Canada gives an Inukshuk to India
Governor General unveils Inuit structure in New Delhi traffic circle
An Inukshuk was unveiled today in New Delhi as a symbol of the friendship and co-operation shared between Canada and India.
Bill Nasogaluak, originally from Tuktoyaktuk, N.W.T., and Kuzy Curley, originally from Cape Dorset, Nunavut, were commissioned to create the piece.
"I'm proud of what my people, my culture, the Inuit, have done to make the Inukshuk a symbol of Canada," said Nasogaluak. "I hope that it will become in India the symbol of who we are, not only as Inuit, but Canadians."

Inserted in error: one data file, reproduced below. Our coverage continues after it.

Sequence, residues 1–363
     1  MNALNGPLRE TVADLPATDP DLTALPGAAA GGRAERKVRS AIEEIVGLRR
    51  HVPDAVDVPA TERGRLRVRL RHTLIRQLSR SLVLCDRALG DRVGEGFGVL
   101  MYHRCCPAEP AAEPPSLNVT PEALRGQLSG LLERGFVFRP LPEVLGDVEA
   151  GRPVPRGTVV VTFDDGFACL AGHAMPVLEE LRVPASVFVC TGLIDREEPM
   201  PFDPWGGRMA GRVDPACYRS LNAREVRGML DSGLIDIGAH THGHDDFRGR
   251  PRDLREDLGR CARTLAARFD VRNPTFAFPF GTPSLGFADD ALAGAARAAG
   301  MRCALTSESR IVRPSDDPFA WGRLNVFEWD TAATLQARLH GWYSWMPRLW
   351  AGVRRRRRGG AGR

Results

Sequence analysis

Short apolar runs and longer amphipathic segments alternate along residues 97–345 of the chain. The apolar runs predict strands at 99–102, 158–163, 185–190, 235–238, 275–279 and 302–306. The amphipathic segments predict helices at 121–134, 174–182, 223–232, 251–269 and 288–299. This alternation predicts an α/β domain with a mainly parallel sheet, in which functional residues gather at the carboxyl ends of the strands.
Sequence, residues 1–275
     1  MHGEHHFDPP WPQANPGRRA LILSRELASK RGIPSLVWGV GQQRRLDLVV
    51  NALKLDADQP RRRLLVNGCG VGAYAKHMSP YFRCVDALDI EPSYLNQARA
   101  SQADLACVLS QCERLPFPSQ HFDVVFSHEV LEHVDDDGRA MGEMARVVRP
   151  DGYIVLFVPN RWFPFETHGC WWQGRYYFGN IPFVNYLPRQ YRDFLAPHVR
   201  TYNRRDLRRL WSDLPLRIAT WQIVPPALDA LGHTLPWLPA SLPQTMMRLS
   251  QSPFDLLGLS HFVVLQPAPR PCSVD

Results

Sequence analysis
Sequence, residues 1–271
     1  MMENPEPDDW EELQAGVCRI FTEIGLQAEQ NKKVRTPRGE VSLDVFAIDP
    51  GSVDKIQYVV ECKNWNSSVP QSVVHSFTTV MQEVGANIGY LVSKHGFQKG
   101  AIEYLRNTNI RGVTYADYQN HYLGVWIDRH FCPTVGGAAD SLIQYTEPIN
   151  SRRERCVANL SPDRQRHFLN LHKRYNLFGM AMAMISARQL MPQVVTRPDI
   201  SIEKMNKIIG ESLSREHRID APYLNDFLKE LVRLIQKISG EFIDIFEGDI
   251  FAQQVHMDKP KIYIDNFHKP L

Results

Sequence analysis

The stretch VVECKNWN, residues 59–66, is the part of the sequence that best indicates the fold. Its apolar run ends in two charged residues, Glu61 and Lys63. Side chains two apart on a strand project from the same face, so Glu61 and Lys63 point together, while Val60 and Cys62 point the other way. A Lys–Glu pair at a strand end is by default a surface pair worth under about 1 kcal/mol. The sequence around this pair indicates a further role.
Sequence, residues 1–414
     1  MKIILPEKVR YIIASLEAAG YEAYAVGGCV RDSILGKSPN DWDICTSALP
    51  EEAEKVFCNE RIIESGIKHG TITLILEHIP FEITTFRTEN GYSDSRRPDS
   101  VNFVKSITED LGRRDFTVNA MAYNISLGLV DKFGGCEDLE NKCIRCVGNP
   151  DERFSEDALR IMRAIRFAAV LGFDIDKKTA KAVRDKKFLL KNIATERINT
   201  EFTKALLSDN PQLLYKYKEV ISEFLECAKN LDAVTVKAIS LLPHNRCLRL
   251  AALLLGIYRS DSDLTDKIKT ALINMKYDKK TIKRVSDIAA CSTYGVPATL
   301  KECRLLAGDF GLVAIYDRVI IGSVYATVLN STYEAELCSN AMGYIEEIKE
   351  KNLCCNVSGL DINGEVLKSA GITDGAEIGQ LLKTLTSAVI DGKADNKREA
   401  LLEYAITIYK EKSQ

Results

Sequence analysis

The Inukshuk is 2.5 metres high and 1.5 metres wide, and is made up of eight massive stones.
Nasogaluak and Curley used a naturally coloured purple-red armour stone from India for most of the structure.
Three stones are placed together at the heart — one from the Inuvialuit region in the Western Arctic, one from the Qikiqtaaluk region in the Eastern Arctic and a third red stone.
Nasogaluak said the Inukshuk was initially shaped and constructed in Toronto, then taken apart and shipped by air to India, where the artists re-built it.
The Inukshuk is in the front of a traffic circle leading to the street where the High Commission of Canada and other world embassies are located.
"Our challenge was just to stay alive trying to get into the Inukshuk area." said Nasogaluak.
Its arms-out position in the roundabout makes it look like it's directing drivers, he said.
The orientation of the arms are to the northwest, towards Canada.